CORRECTION: There was some confusion regarding a news release sent titled “Nofs bills rectifying $2.4M shortfall to Battle Creek head to governor.” The sponsor of Senate Bills 1222 and 1223, Sen. Mike Nofs, R-Battle Creek, has issued the following statement regarding the release:

 “It should be noted that the city of Battle Creek has experienced two different personal-property-tax-related revenue issues in 2018. Senate Bills 1222 and 1223 specifically deal with reimbursement of $2.15 million in revenue that should have been captured by the Battle Creek Downtown Development Authority and Tax Increment Finance Authority. State law allows communities to designate such districts to capture tax revenue to be used for a limited scope to finance public improvements and encourage development based on their individual community plans. I recognize that tax law is extremely complicated. I apologize if the press release on Senate Bills 1222 and 1223 was confusing. It should be noted that the city of Battle Creek will still need to trim $2.4 million out of its budget by no fault of its own.”



The City of Battle Creek still faces a $2.4 million budget shortfall for this fiscal year, but it looks like some problems have been rectified legislatively.

During the marathon Lame Duck session the Michigan Legislature took part in Thursday into the sunrise Friday morning, Senate Bills 1222 and 1223 were among the many bills passed. The bills were sponsored by Senator Mike Nofs of Battle Creek, and were designed to correct a "recently identified deficiency" in a reimbursement formula put in place after the state eliminated the industrial personal property tax.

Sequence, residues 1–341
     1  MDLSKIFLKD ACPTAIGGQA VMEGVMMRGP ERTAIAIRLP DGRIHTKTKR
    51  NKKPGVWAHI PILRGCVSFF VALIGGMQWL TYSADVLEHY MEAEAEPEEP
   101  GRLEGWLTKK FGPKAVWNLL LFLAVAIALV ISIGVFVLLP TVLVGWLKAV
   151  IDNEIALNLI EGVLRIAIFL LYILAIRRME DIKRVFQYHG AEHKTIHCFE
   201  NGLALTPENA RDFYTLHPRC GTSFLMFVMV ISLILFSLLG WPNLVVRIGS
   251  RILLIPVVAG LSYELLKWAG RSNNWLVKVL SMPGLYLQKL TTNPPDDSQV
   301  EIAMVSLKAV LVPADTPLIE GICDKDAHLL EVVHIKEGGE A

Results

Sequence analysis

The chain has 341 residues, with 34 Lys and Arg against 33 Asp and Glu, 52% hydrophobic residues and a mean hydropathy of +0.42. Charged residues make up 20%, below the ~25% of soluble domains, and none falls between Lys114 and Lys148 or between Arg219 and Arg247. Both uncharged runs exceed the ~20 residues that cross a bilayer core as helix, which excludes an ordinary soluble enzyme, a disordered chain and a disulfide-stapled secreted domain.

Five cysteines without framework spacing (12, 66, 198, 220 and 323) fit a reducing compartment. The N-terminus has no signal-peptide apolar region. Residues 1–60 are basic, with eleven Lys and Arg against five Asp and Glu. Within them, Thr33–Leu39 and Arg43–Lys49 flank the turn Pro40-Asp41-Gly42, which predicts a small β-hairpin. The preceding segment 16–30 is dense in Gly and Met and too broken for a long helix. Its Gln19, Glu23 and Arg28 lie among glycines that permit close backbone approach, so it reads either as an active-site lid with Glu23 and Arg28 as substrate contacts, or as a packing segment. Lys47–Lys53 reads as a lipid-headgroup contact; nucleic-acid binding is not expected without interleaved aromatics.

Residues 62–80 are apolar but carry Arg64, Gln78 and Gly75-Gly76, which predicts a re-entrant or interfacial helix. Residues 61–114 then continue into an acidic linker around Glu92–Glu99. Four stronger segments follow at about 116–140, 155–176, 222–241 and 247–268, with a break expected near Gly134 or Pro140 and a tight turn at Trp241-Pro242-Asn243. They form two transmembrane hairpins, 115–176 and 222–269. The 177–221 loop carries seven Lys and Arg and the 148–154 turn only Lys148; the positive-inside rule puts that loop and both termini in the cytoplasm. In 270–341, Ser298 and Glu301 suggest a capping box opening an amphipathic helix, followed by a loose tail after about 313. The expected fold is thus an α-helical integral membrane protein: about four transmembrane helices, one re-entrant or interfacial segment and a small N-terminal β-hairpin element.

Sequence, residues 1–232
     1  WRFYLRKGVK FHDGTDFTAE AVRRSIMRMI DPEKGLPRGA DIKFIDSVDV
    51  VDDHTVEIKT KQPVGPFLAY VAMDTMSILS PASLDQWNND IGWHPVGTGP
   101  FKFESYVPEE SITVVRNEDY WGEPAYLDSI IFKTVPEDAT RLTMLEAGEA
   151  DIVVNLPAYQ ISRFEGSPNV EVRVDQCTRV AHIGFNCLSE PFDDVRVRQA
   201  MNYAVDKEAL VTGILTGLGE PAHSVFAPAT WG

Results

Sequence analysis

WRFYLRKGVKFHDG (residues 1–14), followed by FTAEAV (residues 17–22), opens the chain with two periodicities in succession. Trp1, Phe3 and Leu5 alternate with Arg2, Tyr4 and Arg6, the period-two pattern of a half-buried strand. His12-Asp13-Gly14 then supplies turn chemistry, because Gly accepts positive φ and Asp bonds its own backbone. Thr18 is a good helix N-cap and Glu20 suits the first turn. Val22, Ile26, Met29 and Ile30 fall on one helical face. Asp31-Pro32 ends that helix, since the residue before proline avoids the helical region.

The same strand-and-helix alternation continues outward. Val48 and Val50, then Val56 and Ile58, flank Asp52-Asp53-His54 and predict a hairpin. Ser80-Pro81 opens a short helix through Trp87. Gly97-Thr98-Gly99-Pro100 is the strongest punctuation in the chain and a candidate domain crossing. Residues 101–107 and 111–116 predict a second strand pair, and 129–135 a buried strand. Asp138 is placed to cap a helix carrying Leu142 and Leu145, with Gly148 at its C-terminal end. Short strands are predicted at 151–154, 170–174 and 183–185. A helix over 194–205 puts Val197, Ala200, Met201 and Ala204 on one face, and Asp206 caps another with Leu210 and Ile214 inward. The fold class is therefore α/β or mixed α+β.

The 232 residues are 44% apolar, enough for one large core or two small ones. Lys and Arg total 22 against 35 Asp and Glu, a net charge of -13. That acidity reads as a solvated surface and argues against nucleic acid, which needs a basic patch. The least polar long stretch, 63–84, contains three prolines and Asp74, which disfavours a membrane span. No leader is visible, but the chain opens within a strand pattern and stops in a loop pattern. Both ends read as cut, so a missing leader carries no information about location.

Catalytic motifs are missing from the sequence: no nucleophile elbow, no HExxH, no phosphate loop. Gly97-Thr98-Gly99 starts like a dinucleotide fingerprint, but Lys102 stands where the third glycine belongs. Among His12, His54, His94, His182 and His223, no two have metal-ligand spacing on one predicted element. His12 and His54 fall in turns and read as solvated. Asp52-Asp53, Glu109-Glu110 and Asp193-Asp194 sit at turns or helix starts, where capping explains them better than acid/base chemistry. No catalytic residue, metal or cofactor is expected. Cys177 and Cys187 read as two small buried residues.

Senator Nofs says that when he sponsored legislation in 2014 to phase out the "job-killing" personal property tax, it included a formula to reimburse municipalities for the money they would lose. However, that formula ended up shorting the Battle Creek Tax Increment Finance Authority District and the Downtown Development Authority.

SBs 1222 and 1223 are corrections to that formula to help reimburse $2.15 million of those  funds to Battle Creek.

After being passed Thursday night, the bills were forwarded to Governor Rick Snyder for his signature.

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